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Using GREENBURST to find Astrophysical Radio Pulses

Presentation #102.08 in the session Pulsars, Radio Transients, & Pulsar Wind Nebulae — iPoster Session.

Published onJun 29, 2022
Using GREENBURST to find Astrophysical Radio Pulses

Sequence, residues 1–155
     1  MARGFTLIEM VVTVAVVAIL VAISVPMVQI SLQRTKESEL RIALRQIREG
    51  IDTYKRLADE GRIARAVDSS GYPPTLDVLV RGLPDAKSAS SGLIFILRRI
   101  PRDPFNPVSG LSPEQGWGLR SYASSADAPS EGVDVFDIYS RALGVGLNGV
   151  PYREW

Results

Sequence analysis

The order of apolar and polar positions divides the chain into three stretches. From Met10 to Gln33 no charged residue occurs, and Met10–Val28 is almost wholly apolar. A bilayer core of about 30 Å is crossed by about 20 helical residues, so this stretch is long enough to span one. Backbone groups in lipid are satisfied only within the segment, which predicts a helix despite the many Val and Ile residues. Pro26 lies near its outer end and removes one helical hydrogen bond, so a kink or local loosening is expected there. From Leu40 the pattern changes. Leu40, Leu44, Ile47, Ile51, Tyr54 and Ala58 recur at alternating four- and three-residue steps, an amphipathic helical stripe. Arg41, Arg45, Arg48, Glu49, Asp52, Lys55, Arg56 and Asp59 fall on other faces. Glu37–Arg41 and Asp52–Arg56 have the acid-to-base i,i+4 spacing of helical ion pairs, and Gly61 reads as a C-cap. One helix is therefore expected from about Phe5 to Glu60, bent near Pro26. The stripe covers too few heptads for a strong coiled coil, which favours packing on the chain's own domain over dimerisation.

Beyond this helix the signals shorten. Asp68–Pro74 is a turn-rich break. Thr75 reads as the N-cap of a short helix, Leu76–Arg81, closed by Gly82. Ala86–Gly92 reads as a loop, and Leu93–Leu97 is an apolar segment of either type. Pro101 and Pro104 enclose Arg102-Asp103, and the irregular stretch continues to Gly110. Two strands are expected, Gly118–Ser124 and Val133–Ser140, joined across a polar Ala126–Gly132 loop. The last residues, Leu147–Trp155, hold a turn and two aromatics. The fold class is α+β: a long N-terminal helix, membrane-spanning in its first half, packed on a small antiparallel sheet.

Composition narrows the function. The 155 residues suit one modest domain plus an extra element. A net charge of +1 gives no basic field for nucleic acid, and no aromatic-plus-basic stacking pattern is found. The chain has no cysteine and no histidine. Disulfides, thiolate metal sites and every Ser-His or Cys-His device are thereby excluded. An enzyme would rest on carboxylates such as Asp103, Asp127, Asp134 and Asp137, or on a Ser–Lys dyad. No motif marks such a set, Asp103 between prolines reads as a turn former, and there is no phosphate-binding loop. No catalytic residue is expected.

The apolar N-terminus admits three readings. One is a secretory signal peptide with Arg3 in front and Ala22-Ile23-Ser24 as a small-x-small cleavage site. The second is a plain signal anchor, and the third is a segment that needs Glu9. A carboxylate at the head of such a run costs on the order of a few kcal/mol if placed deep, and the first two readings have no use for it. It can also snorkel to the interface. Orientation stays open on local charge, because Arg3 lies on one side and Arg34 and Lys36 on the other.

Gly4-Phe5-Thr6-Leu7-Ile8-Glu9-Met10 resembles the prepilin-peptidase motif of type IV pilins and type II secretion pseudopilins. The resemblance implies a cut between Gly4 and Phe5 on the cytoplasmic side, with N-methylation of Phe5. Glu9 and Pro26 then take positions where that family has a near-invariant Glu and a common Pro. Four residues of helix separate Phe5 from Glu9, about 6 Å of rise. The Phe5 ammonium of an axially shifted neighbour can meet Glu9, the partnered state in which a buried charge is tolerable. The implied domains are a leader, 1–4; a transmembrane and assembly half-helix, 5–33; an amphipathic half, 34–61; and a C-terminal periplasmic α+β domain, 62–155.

To date, over 3,000 pulsars, 100 rotating radio transients (RRATs), and 700 fast radio bursts (FRBs) have been discovered in the past several decades through tedious telescope observations. Telescope time can be quite costly and inefficient, as discoveries are primarily made by pointing the telescope to a nearly random part of the sky and hoping that it makes a detection, and it is important to optimize it as much as possible. GREENBURST is an instrument that is attached to the Robert C. Byrd Green Bank Telescope located in Green Bank, West Virginia, and was designed for this optimization. While the telescope is being used for observations, GREENBURST simultaneously takes data using the 1.4 GHz receiver. Each suspected pulse is run through an artificial intelligence pipeline to determine which candidates are most likely to be true astronomical events. Since GREENBURST went online in April 2019, over 30,000 candidates have been detected, with over 7,000 of those matching known pulsars, RRATs, or FRBs. This project reports on ongoing work to sort through the candidates that do not match any known astronomical objects to determine if they are new discoveries.

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